BUMPING INTO GENIUSES: MY LIFE INSIDE THE ROCK AND ROLL BUSINESS by Danny Goldberg (Gotham), 305 pages, $28.50 cloth. Rating: NNN
Danny Goldberg, former music critic and PR flack and now a powerful label mogul, has spent his long and colourful career establishing his rep as a savvy music industry player.
With Bumping Into Geniuses, his eye-opening account of his climb to the top, from stumbling into his first job at Billboard to serving as Led Zeppelin's spin doctor and ultimately signing Nirvana to his management firm, Goldberg entertainingly dispels many long-held myths about the music biz, its most respected icons and his own well-cultivated image as an artist-first executive with unimpeachable integrity.
Amazingly enough, Goldberg has no qualms about discussing his frequent forays into the ethical grey area of public relations, citing concrete examples of planting fabricated quotes and ghost-written reviews in major daily newspapers.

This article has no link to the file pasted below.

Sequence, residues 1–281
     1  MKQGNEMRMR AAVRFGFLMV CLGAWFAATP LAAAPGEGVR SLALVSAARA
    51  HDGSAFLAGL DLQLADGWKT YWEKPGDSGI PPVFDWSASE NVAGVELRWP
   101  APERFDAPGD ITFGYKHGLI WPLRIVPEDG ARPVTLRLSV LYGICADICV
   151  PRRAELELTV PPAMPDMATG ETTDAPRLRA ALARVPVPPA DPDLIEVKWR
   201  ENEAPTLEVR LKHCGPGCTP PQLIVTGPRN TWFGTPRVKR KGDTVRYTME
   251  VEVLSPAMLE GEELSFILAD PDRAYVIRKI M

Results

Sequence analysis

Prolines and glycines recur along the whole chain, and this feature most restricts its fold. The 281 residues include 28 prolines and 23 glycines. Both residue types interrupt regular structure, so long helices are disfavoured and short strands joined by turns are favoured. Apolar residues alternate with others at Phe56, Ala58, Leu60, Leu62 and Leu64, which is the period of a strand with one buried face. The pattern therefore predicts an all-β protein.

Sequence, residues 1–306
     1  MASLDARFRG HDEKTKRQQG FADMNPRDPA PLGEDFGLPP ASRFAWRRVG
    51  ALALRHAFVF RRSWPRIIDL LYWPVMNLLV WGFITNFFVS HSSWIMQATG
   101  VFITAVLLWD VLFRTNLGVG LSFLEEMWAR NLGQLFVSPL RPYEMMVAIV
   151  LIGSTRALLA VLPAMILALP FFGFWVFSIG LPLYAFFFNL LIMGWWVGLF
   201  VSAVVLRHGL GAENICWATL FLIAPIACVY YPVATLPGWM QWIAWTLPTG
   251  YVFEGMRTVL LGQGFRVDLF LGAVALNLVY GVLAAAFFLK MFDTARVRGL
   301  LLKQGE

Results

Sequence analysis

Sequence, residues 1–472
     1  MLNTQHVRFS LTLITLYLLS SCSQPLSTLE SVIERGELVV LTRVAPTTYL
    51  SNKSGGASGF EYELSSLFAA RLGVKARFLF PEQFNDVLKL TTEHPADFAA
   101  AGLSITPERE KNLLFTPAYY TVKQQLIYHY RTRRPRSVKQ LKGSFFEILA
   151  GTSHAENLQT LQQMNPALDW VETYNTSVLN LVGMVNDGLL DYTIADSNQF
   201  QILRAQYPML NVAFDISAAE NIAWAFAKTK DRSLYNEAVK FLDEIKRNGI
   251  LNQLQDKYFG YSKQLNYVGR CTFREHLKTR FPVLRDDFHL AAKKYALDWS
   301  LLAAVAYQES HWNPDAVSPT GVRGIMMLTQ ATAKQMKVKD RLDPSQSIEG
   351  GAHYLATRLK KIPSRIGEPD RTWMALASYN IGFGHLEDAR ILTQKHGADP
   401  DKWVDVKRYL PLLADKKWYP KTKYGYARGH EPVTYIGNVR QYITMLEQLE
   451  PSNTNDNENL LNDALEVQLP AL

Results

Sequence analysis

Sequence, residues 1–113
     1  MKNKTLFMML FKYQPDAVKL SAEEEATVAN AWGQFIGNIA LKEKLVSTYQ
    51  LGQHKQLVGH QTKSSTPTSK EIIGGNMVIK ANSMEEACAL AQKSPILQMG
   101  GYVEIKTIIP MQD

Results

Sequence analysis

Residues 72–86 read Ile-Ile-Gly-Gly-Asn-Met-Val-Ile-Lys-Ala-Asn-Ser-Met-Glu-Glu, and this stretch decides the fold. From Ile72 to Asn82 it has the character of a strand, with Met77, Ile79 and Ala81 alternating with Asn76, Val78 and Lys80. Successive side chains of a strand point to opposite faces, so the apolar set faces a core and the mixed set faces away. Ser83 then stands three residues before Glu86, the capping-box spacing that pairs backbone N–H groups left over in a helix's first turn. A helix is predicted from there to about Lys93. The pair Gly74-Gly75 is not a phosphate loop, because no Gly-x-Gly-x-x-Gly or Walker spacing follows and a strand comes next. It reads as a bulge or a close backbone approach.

He appears barely able to fight back the laughs when he recalls taking $1,000 from Just Sunshine label owner Michael Laing to hype Karen Dalton's In My Own Time album to his rock critic friends. When none of the writers bit, Goldberg reviewed the album himself for Rolling Stone.
There are more failures than successes, and Goldberg's willingness to open up about them is what makes the book an enjoyable read.
You have to wade through his recollections of his "gimmicks" and a healthy supply of Led Zeppelin anecdotes to get to the stuff about Nirvana, but then there are a few intriguing behind-the-scenes revelations about Kurt Cobain and company, though nothing that veers from the accepted account.
The point of writing the book appears to have been to launch a pre-emptive strike against the publication of a less favourable view of his wheelings and dealings.
But there's still lots of material left uncovered.
Goldberg discusses the music biz with musicologist Rob Bowman as part of This Is Not A Reading Series on Tuesday (October 21) at the Gladstone. See readings.